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Biography: Corporal John Columbus Deason born January 3, 1836

Happy Birthday!



(b. Jan. 3, 1836 – d. Apr 7, 1899)

Butler and Bibb county, Alabama

“John C. Deason was the son of Wiley and Nancy (Caudle) Deason, who moved from South Carolina to Butler County, Alabama before 1830. Around 1891, Deason wrote a brief sketch of his life which reveals that, for the small farmer and his family, life was tough before, during and after the war.

For this and other reason, the entire sketch is quoted. He omitted to mention that he was promoted on November 1, 1864, from 3rd Corporal to 5th Sergeant. His brother, James W. Deason, served as a private in Company B, 44th Alabama.

(This information was written on the back of an 1891 Mt. Zion Church bulletin, and was found in the home of John Coleman Deason. John Columbus Deason was a Clerk in the church.)

“I was born in Butler, Alabama Jan. 3, 1836. When I was about six weeks old, my parents moved to Bibb County. Staying in Bibb County one year and becoming dissatisfied, moved back to Butler. Then about the year 1843 or 44 they moved back to Bibb County, where I was reared to manhood and where I am at this present time.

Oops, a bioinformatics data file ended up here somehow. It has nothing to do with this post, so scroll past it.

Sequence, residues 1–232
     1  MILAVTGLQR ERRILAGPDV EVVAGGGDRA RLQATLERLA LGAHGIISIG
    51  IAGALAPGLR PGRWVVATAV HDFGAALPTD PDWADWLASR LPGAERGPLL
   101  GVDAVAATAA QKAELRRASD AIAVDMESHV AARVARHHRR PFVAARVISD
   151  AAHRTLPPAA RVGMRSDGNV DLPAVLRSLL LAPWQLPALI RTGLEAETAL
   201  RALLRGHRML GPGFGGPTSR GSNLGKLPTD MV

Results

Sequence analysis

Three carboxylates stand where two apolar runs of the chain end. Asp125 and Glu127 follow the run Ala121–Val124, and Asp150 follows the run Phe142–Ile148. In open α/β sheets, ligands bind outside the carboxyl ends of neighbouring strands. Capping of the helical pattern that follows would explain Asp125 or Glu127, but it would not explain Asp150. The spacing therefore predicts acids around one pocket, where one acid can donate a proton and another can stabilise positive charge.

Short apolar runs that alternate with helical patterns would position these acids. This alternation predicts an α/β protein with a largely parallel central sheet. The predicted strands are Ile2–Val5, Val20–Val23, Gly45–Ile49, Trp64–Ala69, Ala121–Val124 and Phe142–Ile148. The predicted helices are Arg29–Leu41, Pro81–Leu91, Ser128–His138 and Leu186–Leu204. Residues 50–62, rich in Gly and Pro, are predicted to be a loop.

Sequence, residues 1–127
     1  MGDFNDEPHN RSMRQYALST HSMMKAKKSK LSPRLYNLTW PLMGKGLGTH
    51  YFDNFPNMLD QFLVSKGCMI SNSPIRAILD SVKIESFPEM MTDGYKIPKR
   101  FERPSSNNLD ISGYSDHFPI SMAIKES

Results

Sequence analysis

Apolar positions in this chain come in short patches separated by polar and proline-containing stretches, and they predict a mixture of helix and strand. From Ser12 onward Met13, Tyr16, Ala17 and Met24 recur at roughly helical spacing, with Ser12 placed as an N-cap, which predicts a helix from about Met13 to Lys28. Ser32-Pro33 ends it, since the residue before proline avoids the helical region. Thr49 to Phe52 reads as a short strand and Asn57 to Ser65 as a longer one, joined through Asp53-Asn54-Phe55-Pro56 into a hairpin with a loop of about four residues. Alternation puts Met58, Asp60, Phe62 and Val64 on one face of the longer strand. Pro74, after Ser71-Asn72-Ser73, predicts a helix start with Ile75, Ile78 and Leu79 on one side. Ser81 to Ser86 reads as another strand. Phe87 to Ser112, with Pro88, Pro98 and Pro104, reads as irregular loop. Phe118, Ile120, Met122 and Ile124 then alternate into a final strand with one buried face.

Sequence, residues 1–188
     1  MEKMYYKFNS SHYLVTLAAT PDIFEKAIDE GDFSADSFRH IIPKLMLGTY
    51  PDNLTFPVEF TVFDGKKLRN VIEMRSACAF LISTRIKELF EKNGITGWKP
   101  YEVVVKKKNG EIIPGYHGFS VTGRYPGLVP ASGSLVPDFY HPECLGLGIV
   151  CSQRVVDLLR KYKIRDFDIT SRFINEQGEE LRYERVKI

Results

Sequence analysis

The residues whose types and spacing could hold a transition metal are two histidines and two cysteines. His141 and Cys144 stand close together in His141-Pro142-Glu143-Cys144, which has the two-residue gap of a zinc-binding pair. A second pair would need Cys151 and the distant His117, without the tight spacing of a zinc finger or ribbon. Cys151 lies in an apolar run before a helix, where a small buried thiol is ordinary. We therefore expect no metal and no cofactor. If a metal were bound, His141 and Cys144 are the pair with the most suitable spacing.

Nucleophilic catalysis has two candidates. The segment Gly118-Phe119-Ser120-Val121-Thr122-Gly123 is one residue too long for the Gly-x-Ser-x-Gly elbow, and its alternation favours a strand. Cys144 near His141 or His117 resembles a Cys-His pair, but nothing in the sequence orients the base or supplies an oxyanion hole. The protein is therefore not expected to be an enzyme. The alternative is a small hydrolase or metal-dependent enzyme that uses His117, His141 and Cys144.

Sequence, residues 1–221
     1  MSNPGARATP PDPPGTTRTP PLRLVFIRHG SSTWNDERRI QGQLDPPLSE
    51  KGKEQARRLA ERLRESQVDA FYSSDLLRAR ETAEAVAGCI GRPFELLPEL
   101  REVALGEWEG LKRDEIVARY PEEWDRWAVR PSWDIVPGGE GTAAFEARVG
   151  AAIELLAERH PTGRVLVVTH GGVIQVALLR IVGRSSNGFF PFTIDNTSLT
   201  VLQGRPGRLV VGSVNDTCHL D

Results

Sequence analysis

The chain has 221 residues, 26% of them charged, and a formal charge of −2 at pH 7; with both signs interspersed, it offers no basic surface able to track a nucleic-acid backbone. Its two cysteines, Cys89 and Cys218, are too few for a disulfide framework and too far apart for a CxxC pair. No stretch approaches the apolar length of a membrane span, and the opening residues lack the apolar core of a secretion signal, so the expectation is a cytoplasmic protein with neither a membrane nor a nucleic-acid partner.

My father and mother had nine children born unto them, three boys and six girls. Two of my brothers and two of my sisters have gone to their Eternal Home. My parents and my oldest sister joined the Old School Baptist Church at Old Sweetwater in Butler County. Before I can recollect after moving to Bibb County, they joined the Auxiliary Baptist at Haysop Church but they never was satisfied with them. So you can see I was raised up by strict disciplinarian Baptist parents. In my early boyhood, I was very feeble, puny, pale and bloated. Not able to do but little labor. My brothers and sisters called me “dirt eater” and which I denied and yet. do. My dear old Mama spared no puny kin.

Compounding roots and other stuff to recover me from my bloated condition, such as sweet bay root, snake roots, coppers, pills and many, many other things. Units of which I would take almost as same as my daily bread. About the time I reached the age of 18 or 19, I reckon I outgrew it and became real and hardy, tuff as a knot, but small and still so. After I came to be hardy, I loved to visit places of amusement and gay company, rowdy associates were my delight. I attended all sorts of so-called religious meetings, I also took great delight in a debating society and at times it was hard to clean up.